A lot of people still use cash or a debit card to pay for everything they buy, either because they’re not comfortable using a credit card, they don’t understand how credit cards work or they just don’t want to take the time to change their routine.
But every time you use a credit card to make a purchase, you get something in return — or at least you do if you’re using the right credit card. Many credit cards earn rewards such as cash back or airline miles, while others have features that help you pay down your existing debt or finance a large purchase over time with no interest. And some cards offer travel protections in case you have an issue during a trip, or purchase protection if an item you buy happens to break the next day.
There are tons of benefits to having a credit card, so 2021 should be the year for you to put away that debit card and start using a card that gives you something back in return. Let’s take a look at what you’re missing out on when you’re not using a credit card.
Earning rewards with credit cards
One of the best benefits of using a credit card is that with most cards, you’ll earn rewards on every single purchase you make. The most common types of rewards include cash back or travel points or miles, but there are other options as well.
Merchants generally aren’t allowed to charge you more for using a credit card to pay for your purchase instead of cash or a debit card, and you’ll never pay interest on a credit card as long as you pay your bill in full every month. That means if you’re doing it right, there’s absolutely no reason to leave money on the table with a debit card when a credit card is giving you something back for no cost at all.
Some credit cards even offer what we call “bonus categories.” This means on certain categories of purchases — such as groceries, food deliveries or even just filling up your gas tank — you can earn extra rewards every time you use your card.
Not every credit card has an annual fee, but some popular cards do, so you need to weigh the cost of the card versus the rewards you’re earning or other perks of the card. But there are many highly recommended credit cards with no annual fee that earn rewards at truly no cost.
On top of the rewards you’ll earn on all your purchases, many credit cards offer some pretty enormous sign-up bonuses. This means just by applying for a credit card and using it to spend a certain amount of money in the first few months you have the card (known as a “minimum spending requirement”), you can earn a big chunk of rewards right away to get you started off in the right direction.
Credit card travel benefits
Many travel credit cards offer benefits that can make your trips even more enjoyable once travel resumes after the pandemic wanes. These perks can include anything from elite status at hotels to being able to get into exclusive lounges at airports around the world.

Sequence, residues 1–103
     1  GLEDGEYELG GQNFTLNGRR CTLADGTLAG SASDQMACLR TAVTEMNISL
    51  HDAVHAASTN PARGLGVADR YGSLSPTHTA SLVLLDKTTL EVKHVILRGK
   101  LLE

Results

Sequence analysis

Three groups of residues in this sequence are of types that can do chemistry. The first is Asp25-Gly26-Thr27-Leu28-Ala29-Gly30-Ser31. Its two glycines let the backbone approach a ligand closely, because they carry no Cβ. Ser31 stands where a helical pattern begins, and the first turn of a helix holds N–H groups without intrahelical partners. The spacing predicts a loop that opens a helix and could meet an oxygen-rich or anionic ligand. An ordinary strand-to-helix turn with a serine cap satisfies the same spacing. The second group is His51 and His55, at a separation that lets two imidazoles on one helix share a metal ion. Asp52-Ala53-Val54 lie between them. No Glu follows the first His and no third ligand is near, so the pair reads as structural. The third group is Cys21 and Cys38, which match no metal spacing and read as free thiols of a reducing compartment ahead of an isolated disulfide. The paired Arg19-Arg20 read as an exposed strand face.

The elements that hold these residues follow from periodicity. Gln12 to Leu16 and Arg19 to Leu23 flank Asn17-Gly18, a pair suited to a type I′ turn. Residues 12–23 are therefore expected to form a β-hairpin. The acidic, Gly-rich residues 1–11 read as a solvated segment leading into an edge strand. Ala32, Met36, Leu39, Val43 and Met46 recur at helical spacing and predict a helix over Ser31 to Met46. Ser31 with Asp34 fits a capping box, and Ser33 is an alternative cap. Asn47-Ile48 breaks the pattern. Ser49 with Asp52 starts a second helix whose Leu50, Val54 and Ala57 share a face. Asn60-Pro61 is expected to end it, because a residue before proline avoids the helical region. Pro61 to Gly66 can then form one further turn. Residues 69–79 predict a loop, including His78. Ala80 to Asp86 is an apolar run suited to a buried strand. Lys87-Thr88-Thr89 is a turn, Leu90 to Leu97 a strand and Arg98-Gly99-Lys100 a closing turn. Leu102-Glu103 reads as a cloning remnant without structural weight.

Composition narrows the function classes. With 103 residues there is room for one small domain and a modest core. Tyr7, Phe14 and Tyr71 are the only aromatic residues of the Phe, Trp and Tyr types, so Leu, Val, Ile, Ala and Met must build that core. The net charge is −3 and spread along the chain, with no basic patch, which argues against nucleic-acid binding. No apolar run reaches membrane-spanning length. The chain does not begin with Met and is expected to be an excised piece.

Other credit cards will reimburse you for certain purchases, such as credits when you spend money at specific restaurants or with certain food delivery services, or when you apply for a travel program such as Global Entry or TSA PreCheck.
You’ll even find some credit cards that hand out nightly award certificates for free hotel rooms, or even the opportunity for a friend to fly with you at a significant discount. So just having a certain credit card can provide an experience you might not have had access to otherwise — and even save you money along the way.
Of course, travel credit cards with all these perks typically carry an annual fee — sometimes a big one. But if you can actually use all the benefits, you’ll find that the value you receive from them far outweighs the annual fee you pay for the card.
Using a credit card to pay down debt
If you already have debt from past credit card use or some other loan, and the interest from that debt is making it difficult to get your head above water financially, having a credit card that allows you to consolidate your debt might be the best New Year’s present you could ask for.
Some credit cards, when you first get them, offer what’s known as an introductory interest rate on balance transfers. That means if you transfer your existing debt from another credit card or other type of loan to your new card, you’ll pay no interest on that debt for a preset period of time — usually between six and 20 months.
Depending on how much existing debt you have and your current interest rate, this can mean substantial savings. For instance, if you’re currently paying 15% interest on $4,000 of credit card debt and you transfer that debt to a balance transfer credit card with a 0% interest rate for 18 months, you’ll save a whopping $900 in interest on that $4,000 debt over those 18 months. That’s money you can use to pay down your debt instead of seeing it disappear to pay interest.